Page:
Wednesday, February 17, 2010


What was the exact book you were reading by Eyring?  I could just go back and check old posts, I guess.  I loved and appreciated the comments.  Thank you!  AND welcome Autumn.

Here is a response to the Eyring comments:

"The real trial of your faith is anything that would divert you from doing what God would have you do." I think this is what Julia worries about--that she'll get so caught up in doing things that are good that she won't get done the things that are essential. This is a hard one because it requires you to really be in tune with the Spirit. How do you know when you missed a prompting because you weren't in tune? You don't. Exactly.

This is a little bit true.  I will say that I think I've got the main essentials down:  scriptures, prayer, take care of family, serve others.  Not that I do them perfectly, but you know what I mean.  I think it's more that I don't want to reach the end of my life and see that I didn't fulfill what the Lord wanted me to fulfill.  I guess.  My struggle seems to be more with what you said a couple of paragraphs later. 

"You should expect that great difficulties will come to you in the pursuit of doing what the Lord would have you do." Now, we've heard variations on this theme all our lives. My question is this: how do we know when we're improving? How do we know when we're becoming more Christ-like? How do we know, we self-critical women, when our efforts are acceptable or our response to the difficulties is growth?

I have had these same exact questions, and I think this is more my issue than the paragraph before (though both go in circles around my mind).  Some days I look back and think I was stronger and "better" five years ago than I am now.  Is that improvement, or humility?!?!? 

The question I would add to this is, How do you know if the difficulties arise because you are trying to do what you feel you've been commanded to do OR if you're going the wrong path and being prompted to set your sights elsewhere?  To answer this a little bit, at Education Week this last summer I went to the BEST speaker:  Bartholomew was his name.  He pretty much took two chapters in Hebrews and expounded upon them.  WOW!  I wish I could do that!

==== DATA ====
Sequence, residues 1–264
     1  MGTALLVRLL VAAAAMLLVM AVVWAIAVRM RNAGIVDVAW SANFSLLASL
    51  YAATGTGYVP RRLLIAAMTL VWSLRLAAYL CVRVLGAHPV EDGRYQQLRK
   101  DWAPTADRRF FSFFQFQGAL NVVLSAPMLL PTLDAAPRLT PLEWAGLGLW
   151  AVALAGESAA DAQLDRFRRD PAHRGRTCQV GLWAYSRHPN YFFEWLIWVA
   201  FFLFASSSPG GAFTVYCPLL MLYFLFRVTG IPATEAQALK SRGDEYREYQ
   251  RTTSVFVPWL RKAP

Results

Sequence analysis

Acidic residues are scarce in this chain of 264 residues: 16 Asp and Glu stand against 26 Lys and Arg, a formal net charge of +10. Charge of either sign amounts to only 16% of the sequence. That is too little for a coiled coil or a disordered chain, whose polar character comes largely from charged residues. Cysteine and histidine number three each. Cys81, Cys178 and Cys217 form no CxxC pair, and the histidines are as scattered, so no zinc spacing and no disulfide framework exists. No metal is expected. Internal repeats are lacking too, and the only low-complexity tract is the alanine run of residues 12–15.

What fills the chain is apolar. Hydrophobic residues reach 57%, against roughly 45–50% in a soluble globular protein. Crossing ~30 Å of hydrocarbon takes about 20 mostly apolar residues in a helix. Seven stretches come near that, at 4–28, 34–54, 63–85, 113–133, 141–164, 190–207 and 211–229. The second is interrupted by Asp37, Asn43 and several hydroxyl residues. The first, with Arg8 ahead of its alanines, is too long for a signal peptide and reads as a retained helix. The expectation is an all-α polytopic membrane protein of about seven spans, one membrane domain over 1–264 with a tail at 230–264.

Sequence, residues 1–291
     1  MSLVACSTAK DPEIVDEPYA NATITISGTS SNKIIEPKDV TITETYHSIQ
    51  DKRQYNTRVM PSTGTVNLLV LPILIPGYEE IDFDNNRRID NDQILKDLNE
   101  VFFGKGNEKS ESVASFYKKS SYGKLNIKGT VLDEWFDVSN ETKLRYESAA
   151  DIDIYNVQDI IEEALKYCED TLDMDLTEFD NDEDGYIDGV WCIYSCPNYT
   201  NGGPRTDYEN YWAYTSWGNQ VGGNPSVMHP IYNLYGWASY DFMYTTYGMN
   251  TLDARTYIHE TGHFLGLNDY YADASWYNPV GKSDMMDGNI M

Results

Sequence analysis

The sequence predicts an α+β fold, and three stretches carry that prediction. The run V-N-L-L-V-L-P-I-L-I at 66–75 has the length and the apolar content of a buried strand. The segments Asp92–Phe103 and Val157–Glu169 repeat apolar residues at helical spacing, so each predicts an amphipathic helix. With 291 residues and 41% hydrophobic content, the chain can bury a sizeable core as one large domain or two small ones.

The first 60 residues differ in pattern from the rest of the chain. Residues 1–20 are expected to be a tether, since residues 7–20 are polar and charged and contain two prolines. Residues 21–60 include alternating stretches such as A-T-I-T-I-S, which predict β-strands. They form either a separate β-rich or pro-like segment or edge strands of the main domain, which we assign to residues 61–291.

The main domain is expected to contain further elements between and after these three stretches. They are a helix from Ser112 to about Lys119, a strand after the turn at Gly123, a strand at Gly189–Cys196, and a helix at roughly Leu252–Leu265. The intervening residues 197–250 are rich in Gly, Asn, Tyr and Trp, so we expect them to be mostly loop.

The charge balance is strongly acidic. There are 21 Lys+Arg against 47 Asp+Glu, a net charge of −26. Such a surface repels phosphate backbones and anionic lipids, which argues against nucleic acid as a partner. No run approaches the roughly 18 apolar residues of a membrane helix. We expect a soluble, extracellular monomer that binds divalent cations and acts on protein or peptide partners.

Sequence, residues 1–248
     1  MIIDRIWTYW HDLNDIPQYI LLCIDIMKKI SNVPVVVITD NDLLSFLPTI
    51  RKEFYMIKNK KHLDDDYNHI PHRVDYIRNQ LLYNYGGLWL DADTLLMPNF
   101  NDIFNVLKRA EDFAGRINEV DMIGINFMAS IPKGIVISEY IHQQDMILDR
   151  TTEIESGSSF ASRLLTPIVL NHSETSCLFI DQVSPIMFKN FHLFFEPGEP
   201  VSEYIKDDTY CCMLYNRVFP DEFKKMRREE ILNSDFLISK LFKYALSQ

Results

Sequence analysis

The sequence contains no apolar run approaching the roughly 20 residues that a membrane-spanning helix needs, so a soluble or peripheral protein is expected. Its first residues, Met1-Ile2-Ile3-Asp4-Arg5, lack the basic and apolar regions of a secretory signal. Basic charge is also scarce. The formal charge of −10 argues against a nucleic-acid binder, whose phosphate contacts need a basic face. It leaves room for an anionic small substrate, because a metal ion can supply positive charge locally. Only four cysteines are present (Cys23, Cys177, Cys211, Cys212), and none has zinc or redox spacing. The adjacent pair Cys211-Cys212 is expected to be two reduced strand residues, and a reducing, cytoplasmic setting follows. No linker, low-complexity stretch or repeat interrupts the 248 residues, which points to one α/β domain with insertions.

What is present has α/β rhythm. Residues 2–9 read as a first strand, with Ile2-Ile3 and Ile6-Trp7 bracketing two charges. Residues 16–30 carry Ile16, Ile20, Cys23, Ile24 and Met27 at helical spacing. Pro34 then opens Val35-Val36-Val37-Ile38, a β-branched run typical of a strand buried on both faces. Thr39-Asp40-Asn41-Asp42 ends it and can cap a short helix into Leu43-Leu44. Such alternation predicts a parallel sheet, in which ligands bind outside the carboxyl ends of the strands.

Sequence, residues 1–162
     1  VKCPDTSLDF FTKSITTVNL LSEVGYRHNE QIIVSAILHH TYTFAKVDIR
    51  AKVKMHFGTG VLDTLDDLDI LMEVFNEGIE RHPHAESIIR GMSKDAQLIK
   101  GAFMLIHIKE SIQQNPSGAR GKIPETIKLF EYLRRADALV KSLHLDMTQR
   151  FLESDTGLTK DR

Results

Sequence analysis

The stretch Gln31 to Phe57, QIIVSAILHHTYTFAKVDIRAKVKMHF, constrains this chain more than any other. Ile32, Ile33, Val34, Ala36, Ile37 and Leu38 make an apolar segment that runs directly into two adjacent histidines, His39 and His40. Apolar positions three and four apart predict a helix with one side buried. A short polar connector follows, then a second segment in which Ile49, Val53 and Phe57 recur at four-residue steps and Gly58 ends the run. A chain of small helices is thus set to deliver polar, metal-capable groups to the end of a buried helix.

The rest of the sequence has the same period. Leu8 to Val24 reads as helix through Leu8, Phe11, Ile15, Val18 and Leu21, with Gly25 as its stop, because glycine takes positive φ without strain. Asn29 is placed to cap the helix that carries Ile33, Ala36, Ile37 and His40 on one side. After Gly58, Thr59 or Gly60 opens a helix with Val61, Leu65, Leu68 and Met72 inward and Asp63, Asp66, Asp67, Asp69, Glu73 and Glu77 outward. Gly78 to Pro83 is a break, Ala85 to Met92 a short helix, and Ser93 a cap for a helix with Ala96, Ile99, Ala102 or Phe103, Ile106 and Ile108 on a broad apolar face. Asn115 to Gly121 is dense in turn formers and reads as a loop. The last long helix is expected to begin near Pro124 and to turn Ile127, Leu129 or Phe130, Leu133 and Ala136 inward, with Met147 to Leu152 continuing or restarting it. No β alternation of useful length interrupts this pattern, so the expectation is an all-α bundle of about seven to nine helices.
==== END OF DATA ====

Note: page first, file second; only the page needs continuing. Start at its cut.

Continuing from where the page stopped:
Hebrews 10:32, 35; 11:1 -  "But call to remembrance the former days, in which, after ye were illuminated (meaning, felt that spiritual prompting to pursue God's commandments) ye endured a great fight of afflictions . . . Cast not away therefore your confidence, which hath great recompense of reward . . . Faith is the substance of things hoped for, the evidence of htings not seen."  

So basically, this teacher expounded that the Lord is not going to give you a commandment and then make you suffer and hurt as  you try to accomplish the goal.  He called it the Jospeh Smith Principle from in the Sacred Grove JS encountered an evil spirit after he chose to follow the promptings of the spirit to pray.  A similar thing happens to us.  When we receive a prompting and choose to follow that prompting, there will be opposition but it is not a "trial of your faith."  So if we can remember the moment we were "illuminated" we can push forth, maintain confidence in the Lord and thus exercise our faith because we have that assurance.  Anyway, I'm not saying it all as eloquently as he did, but I think I'm getting my point across. 

And I loved this whole part:
And don't tell me that we'll feel the Spirit more because that's bunk. Elder McConkie said that he worried about the Saints because they focused so much on testimony and feeling the Spirit, which opened them up to falling into inactivity. Instead he said we need to focus all our energies on obedience because obedience is what saves you--not your testimony.

I think sometimes we (I)  tend to "overthink the Spirit," if you know what I mean.  I want it to be grander than it needs to be.  I remember a cousin of mine wasn't getting married because he was waiting for the "shake the earth" type of experience to know who was the right girl.  It's very easy to fall into this trap and to foget that sacred power of agency we've all been given. 

Anyway, very interesting thoughts, Ans! 

P.S. If it took you that long to read Kim, just imagine how much longer I'm taking.  I'm sorry, I'm slowly giving up.  I'll give it a couple more tries, but don't expect much.  :-( 

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